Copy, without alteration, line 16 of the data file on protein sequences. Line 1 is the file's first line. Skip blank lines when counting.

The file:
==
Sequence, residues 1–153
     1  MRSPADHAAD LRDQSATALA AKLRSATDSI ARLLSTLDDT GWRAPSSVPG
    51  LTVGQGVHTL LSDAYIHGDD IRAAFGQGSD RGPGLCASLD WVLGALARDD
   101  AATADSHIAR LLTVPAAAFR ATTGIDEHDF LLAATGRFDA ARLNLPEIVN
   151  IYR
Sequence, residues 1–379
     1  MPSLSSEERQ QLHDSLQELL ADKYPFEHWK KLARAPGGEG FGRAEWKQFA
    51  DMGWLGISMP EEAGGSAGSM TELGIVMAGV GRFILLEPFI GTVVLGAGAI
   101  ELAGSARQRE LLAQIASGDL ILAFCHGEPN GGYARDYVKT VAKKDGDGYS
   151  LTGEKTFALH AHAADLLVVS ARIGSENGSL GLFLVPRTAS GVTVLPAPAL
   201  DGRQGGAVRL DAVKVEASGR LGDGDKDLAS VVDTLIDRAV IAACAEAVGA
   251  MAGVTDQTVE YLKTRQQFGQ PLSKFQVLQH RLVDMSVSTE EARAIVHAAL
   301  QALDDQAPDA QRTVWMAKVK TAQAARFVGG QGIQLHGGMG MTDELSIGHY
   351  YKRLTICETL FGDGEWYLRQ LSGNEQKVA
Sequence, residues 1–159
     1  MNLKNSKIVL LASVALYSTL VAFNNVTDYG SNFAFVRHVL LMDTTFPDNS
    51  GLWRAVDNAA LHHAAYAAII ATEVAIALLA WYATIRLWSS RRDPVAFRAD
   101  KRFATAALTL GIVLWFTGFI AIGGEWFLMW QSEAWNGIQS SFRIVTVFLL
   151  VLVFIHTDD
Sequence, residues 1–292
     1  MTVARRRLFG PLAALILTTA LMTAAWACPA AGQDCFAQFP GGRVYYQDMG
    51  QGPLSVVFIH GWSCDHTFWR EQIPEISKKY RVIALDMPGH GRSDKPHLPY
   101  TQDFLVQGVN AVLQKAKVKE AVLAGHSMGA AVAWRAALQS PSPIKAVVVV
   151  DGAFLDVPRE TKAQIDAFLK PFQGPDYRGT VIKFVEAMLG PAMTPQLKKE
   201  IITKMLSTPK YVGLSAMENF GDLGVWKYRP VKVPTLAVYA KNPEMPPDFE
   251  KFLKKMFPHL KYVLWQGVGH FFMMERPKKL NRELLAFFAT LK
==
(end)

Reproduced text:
     1  MNLKNSKIVL LASVALYSTL VAFNNVTDYG SNFAFVRHVL LMDTTFPDNS